Government Subsidies For Local Newspapers?

Government subsidies for the local press? Government encouraged or supported community media trusts? Of course, my American libertarian friends would throw their hands up in horror at such ideas. But UK Conservative MP Louise Mensch is pushing the government to do such things.

Mensch is worried rightly about the consequences of the decline in the UK of the local press and what it means for local government accountability and democracy. She wants a serious review and is calling on the government to introduce subsidies and tax advantages for local newspapers.

And she has a point about trying to create a level playing field for local newspapers. The country is awash with local Pravda-type propaganda newsheets put out by local authorities and financed by council taxpayers. Local newspapers have to compete also with regional BBC television, again funded by the public.

Britain’s local press is dominated by a handful of newspapers groups — Johnston Press, Newsquest and Northcliffe. And they have been slashing away at their properties. Newsquest’s ownership of the Herald Group in Glasgow has been nothing short of a disaster and both the Glasgow Herald and the Sunday Herald are pain shadows of what they once were. Johnstone has failed to revive the Scotsman and Scotland on Sunday. Down south there have staff cuts, papers getting thinner or being shifted from daily publication to weekly.

Of course, in these straitened times the big newspaper groups have suffered dramatic falls in advertising revenue and huge drops in profits. But there has been a marked lack of thought and creativity by managements as well.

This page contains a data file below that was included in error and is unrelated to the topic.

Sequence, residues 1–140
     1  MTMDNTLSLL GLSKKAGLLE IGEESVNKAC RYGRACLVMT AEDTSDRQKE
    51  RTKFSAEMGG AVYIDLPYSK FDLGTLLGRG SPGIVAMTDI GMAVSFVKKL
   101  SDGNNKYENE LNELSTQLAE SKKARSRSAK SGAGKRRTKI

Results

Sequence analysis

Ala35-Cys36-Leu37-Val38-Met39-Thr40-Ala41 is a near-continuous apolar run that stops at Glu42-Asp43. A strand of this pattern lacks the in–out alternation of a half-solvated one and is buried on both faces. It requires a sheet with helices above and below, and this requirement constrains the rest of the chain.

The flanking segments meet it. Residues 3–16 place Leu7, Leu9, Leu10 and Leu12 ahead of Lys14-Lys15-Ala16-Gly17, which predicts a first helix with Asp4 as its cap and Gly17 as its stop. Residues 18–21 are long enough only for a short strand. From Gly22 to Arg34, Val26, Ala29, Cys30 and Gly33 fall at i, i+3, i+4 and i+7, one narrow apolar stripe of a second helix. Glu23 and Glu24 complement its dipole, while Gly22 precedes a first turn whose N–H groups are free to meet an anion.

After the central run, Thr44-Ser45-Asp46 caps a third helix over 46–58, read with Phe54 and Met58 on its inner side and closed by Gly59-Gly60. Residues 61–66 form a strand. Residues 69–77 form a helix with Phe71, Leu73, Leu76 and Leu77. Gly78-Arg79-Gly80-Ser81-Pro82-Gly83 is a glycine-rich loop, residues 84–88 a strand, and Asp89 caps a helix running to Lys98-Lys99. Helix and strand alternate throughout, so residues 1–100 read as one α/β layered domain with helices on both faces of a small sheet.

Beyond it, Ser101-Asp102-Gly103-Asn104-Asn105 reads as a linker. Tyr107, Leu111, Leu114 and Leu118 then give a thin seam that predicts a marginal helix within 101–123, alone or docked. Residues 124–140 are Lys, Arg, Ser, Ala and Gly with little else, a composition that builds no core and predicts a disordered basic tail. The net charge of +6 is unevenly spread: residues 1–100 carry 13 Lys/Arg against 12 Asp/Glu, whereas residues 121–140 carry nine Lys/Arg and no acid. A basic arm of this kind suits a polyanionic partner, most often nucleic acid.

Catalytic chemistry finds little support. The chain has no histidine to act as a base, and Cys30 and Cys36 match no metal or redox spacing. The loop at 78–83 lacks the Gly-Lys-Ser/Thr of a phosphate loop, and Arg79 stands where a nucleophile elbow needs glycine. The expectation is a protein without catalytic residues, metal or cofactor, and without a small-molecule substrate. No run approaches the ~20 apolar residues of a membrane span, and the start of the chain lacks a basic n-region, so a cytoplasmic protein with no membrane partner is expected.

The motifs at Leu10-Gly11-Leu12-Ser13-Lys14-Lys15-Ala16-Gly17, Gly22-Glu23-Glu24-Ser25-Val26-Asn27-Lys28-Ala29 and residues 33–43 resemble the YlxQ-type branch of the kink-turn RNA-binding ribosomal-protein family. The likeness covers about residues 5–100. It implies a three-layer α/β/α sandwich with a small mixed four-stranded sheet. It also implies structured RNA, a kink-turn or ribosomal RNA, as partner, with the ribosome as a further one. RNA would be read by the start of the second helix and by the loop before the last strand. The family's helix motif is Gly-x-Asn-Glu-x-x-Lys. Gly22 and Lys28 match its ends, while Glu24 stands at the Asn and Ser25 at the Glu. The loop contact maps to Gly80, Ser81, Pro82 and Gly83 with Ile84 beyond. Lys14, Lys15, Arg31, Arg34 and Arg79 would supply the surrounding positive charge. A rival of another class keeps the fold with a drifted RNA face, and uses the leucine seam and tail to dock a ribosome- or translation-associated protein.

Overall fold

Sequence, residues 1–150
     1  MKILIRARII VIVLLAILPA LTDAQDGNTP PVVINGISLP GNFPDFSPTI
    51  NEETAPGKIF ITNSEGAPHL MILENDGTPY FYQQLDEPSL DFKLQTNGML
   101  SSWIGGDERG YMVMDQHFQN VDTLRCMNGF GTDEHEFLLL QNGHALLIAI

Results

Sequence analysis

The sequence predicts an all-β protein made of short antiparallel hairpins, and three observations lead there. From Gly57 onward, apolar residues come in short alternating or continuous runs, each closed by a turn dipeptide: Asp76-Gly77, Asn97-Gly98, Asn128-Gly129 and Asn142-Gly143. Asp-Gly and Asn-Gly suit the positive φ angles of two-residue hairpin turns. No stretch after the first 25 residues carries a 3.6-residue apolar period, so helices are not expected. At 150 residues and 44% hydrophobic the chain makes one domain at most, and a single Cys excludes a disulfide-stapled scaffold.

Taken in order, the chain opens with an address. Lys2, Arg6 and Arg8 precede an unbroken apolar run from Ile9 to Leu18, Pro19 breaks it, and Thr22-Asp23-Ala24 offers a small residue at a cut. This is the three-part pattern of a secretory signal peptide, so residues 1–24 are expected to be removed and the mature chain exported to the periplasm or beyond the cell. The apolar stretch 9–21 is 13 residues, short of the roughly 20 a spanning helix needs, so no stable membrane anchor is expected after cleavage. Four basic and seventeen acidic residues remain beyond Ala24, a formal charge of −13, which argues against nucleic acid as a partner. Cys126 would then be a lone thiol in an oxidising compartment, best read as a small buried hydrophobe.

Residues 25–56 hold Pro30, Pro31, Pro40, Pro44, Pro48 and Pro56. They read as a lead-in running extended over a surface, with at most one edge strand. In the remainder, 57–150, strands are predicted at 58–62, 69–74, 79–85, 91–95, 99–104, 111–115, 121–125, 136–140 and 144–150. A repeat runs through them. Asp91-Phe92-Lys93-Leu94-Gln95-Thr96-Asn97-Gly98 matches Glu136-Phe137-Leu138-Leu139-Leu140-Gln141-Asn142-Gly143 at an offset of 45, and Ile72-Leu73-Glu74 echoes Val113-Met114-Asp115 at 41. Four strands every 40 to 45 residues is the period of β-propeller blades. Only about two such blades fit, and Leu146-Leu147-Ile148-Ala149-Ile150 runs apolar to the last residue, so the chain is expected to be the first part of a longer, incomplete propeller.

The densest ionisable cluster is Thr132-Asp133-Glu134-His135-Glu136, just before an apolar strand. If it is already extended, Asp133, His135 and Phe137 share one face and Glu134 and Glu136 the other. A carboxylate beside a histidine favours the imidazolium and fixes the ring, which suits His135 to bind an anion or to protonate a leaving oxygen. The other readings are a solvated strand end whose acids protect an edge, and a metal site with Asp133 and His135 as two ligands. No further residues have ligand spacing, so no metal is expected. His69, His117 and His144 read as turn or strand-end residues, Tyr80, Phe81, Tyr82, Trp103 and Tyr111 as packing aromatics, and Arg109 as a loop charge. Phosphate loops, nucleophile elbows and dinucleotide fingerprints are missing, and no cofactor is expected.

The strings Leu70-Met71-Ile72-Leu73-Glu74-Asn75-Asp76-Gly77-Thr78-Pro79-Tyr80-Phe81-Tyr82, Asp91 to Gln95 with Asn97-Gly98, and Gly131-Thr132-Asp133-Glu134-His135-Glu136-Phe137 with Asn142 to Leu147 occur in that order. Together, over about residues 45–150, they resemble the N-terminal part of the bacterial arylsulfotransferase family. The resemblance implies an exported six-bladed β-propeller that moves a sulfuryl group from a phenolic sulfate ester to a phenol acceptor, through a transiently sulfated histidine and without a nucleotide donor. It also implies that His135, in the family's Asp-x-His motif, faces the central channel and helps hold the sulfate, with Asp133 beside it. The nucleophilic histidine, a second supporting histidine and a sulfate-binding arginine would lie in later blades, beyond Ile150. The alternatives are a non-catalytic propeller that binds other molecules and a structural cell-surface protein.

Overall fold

Citizen journalism isn’t filling the gap.

So would government subsides bring government control? That doesn’t have to be the case. And there are examples of where it has worked — in Italy for instance.



Johnstone Press Abandons Paywall

The Johnstone Press, the publisher of the Scotsman and Yorkshire Post, is to scrap an experimental paywall it erected around several of its newspapers. The trial, which saw different pricing and schemes being tried across its local and regional UK newspaper empire, saw poor take-up. The scrapping of the scheme comes just days after News International announced it intended to charge from June for online access to The Times and Sunday Times. Will the national titles fare better?

News International has started to market heavily the pay scheme, offering early registration and a chance to preview the new sites and multi-media fare that will accompany the introduction of the charge.